Sometimes it seems like I grew up on action movies. The Lethal Weapon movies, Bond films, Indiana Jones, Mad Max, Remo Williams, 48 Hours, Buckaroo Bonzai, Big Trouble in Little China, Iron Eagle, and on and on. But over the last decade I’ve just lost interest, maybe it maturity (doubtful) or something else but action movies don’t hold the same appeal. Rouge Nation somehow rekindled that boyish fascination. I believe part of the puzzle is Tom Cruise. He can sell the most ridiculous stunts, and that’s part of it, but another piece of the puzzle is how Rouge Nation manages to walk right up to the line, without going over. As crazy as the stunts can be Cruise sells them. You feel the jeopardy even when intellectually know that there is no way anything is going to happen to the protagonist of the film in the opening scenes. It’s not all Cruise though; Pegg, Renner, Rhames and even Alec Baldwin play their parts perfectly. Rouge Nation is a blast.
3:The Hateful Eight
While Rouge Nation may have been a blast The Hateful Eight was an event. Try to see it in 70mm or wait for the normal theatrical screening? It wasn’t easy committing to see it on Christmas weekend, it’s not like I could talk Mom and Dad into going to see it, but in the end I wasn’t going to miss this. There was a program to go with the movie, there was a prolog to get you in the mood, a glorious extended opening scene that used every millimeter of that oversized negative. Then Tarantino spent ninety five percent of the rest of the movie in a one-room log cabin. It was a big room. Okay that was a failed attempt at snark. Bad jokes aside even though most of the movie takes place in one room Tarantino is using every bit of the frame. Visuals are always an important part of a Tarantino movie but the performances he pulls out of his actors and the interesting characters they inhabit are just as important. The Hateful Eight does not disappoint. This is easily his best movie since Pulp Fiction. As much fun as his more recent films have been Tarantino has let his films get flabby, but for a three hour movie there is not an ounce of fat on The Hateful Eight. It’s a ripped ten-foot tall monster of a movie. Oh yeah and he got Morricone to score it. The first film score Morricone’s done in thirty-five years.
Ridely Scott, Drew Goddard, Matt Damon, Jessica Chastain, Jeff Daniels, Kristen Wiig, Michael Peña, that’s a hell of a lot of talent but that was not what had me exited about The Martian. What was exiting about the film was that it was the adaptation of Andy Weir’s first novel, which just happens to be one of the best books I’ve read in a long while. Of course that means the film has a lot to live up t and frankly it doesn’t quite get there. It’s an odd thing to say about a movie that comes in second on my list but it’s not as good as the book. That aside The Martian is amazing. While the movie may have not quite captured the humor of the book Scott’s majestic Martian landscapes surpassed my imaginings. While The Martian does have weaknesses, I’m looking at you epilog, it is hopeful and inspiring and I loved it best of any movie this year save one.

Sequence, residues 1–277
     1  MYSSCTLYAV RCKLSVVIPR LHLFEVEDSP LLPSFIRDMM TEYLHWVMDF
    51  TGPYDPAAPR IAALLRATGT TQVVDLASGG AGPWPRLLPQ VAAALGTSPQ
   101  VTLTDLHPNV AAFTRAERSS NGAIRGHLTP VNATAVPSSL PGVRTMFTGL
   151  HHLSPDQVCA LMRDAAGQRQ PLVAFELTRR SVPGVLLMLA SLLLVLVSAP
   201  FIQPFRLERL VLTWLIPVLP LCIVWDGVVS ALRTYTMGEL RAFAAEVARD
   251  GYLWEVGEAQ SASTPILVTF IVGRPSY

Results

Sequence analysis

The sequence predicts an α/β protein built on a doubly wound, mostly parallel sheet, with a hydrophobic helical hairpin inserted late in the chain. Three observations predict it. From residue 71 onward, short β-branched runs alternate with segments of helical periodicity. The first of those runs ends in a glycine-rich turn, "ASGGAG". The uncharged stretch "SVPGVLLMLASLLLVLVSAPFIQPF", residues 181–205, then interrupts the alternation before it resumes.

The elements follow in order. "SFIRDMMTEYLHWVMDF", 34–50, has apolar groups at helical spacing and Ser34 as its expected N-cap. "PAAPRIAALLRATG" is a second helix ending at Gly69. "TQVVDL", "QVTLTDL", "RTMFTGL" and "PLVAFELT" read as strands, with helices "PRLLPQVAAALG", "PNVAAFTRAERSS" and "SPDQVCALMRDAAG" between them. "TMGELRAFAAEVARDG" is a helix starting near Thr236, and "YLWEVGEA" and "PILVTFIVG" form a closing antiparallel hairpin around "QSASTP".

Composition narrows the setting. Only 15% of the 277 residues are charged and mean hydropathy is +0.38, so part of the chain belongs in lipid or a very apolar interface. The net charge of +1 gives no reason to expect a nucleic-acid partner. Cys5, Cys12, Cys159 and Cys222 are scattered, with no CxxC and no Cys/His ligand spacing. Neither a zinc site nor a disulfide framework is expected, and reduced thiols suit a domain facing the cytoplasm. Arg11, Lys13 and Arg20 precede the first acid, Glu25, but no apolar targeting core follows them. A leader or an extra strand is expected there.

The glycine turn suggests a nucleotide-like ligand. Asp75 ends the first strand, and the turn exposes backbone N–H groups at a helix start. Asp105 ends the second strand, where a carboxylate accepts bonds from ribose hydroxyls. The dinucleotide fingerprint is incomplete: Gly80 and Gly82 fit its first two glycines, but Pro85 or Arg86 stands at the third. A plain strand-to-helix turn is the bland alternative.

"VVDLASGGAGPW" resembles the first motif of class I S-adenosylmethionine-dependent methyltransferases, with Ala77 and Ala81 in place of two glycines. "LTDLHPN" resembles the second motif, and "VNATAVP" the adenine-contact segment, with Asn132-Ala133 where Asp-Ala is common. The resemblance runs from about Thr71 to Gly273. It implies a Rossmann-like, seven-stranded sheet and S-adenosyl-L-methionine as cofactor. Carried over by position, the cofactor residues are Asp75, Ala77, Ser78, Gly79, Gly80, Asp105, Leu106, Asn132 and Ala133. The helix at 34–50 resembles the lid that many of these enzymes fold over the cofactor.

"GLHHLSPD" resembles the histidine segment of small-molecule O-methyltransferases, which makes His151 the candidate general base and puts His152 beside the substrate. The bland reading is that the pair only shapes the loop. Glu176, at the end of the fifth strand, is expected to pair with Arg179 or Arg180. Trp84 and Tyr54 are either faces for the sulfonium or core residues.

1:Star Wars: The Force Awakens
If I’m honest all The Force Awakens had to do to make my list was not suck. It could have been quite mediocre and still come in somewhere on this list. I was six when the original Star Wars came out and it literally changed my life. It inspired my love of science fiction and fantasy and at least half of my playtime as a kid involved trying to destroy stormtrooper figures (the other half, if your curious, was spent crashing Hot Wheels cars). Well The Force Awakens doesn’t just make the list it tops it. The Force Awakens didn’t suck, and it wasn’t mediocre, it was fantastic. First off it felt like Star Wars, second the new characters were amazing, third when each of the old gang showed up it felt like I was seeing a old friend for the first time in years, third, no wait fourth, I loved how The Force Awakens recycled themes from the original trilogy. I saw it four times opening weekend, I’ve never done that for any other movie. It’s a rare day I don’t spend time contemplating who were Rey’s parents, what were Han and Chewie up to for the last couple of decades, was that a grave that Luke was standing next to, how exactly did Snoke get his hooks into Kylo Ren and how the next two movies are going to play out. And it’s a good thing that there is so much to contemplate because as fast as time goes by December 2017 is still a ways off.